Ebola Does Not Need to Be a Death Sentence
The Huffington Post
By Paul Farmer and Rajesh Panjabi
October 16, 2014
(Click here to view the original article.)
As the Ebola crisis continues to grow -- with the death toll surpassing that of previous outbreaks combined -- the international community seeks to fill critical needs and bolster the health systems in West Africa. At the 2014 Clinton Global Initiative Annual Meeting, CGI members committed to responding to the outbreak, beginning work immediately with two separate airlifts of medical supplies from New York City to West Africa. Simultaneously, members met with local and international experts and officials to strategize on how to coordinate their response. The following film tells the story of this initial response. (Click here to view the film)
The Ebola outbreak currently devastating West Africa threatens the lives of not just those infected with the virus, but all who require medical care, whether treatment for malaria or prenatal care for a healthy pregnancy. As we saw during our recent trip to Monrovia and rural Liberia, as weakened health systems are overwhelmed, and health workers without access to adequate personal protective equipment perish, hard-won health gains in Liberia, Sierra Leone, and Guinea could be reversed.
Stopping Ebola will require staff, stuff, systems, and space. Our emergency response must be closely linked to strengthening health systems in the most affected countries, so the next disease outbreak can be quickly contained -- and the ongoing epidemic of preventable deaths from treatable diseases, complications of pregnancy, and lack of access to surgical services can be addressed. Mounting an adequate response -- including finding the new tools we'll need to defeat Ebola, like better diagnostics and therapeutics, and an effective vaccine -- will require broad partnerships among public and private actors, and close collaborations across disciplines, organizations, and countries.
Three weeks ago at the Clinton Global Initiative Annual Meeting, Chelsea Clinton announced a newly formed coalition among Partners In Health, Last Mile Health and Wellbody Alliance. Together, our organizations are committed to addressing the Ebola outbreak in rural Liberia and Sierra Leone, and to strengthening the health systems there. We will work hand-in-hand with local governments and Ministries of Health, helping to ensure that the investments made in fighting Ebola will translate into long-term health gains. We will establish Ebola Treatment Units to address the critical lack of adequate beds for Ebola treatment -- currently, less than 20 percent of the needed beds are available in Liberia -- and help to train, equip, and support local staff.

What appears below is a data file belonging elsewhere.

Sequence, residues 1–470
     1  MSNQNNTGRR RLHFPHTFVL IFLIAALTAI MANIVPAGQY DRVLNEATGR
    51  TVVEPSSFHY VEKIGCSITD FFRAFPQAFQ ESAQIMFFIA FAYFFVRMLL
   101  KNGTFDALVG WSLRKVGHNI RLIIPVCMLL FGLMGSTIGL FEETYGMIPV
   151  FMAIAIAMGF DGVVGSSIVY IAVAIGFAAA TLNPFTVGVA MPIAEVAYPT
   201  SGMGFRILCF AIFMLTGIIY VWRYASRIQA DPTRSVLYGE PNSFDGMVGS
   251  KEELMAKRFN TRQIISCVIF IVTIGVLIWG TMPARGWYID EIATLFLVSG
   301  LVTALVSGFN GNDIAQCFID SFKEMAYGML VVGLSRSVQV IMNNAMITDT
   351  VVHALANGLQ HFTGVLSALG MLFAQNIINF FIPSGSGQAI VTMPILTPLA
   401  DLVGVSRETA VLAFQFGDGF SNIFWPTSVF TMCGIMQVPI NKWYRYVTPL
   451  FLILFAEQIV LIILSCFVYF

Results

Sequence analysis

At CGI, our organizations -- Last Mile Health, in Liberia, and Wellbody Alliance, in Sierra Leone, two organizations deeply rooted in their respective countries -- and Partners In Health, with deep experience in rural health care delivery and in strengthening health systems together committed to:
Train, equip and support 800 community health workers to carry out community-based education, prevention, case detection, contact tracing and essential health services in 500 villages.
Train, equip and support 500 health workers across 47 primary health centers and establish four Ebola Treatment Centers.
Establish a national training center in Bong County and provide technical assistance to the Ministry of Health to support coordination and health systems strengthening efforts.
Support the creation of best practices for a regional technical Ebola treatment and care task force convened by the World Bank.
This epidemic of Ebola was preventable. Ebola started in the rainforest, and it could have been stopped there if a strong healthcare system had been in place. Instead, its rapid and deadly progression was enabled by underdeveloped and underfunded health systems ill-equipped to identify, contain and combat major health threats. It's no accident that Liberia was hardest hit: it only receives 3 percent of its development assistance through national institutions.
Ebola does not need to be a death sentence. With the right staff, stuff, systems, and space to provide high-quality treatment and care, mortality rates can be dramatically reduced and risks to health care workers and family members of patients, those most vulnerable to exposure, can also be diminished.
We're encouraged by the commitment, compassion, and solidarity of the many people and organizations determined to end the scourge of Ebola and address the long-standing inequalities it represents. Working in partnership, we can ensure that our response to Ebola serves not only to protect lives now, but to strengthen health systems in affected countries for the long term.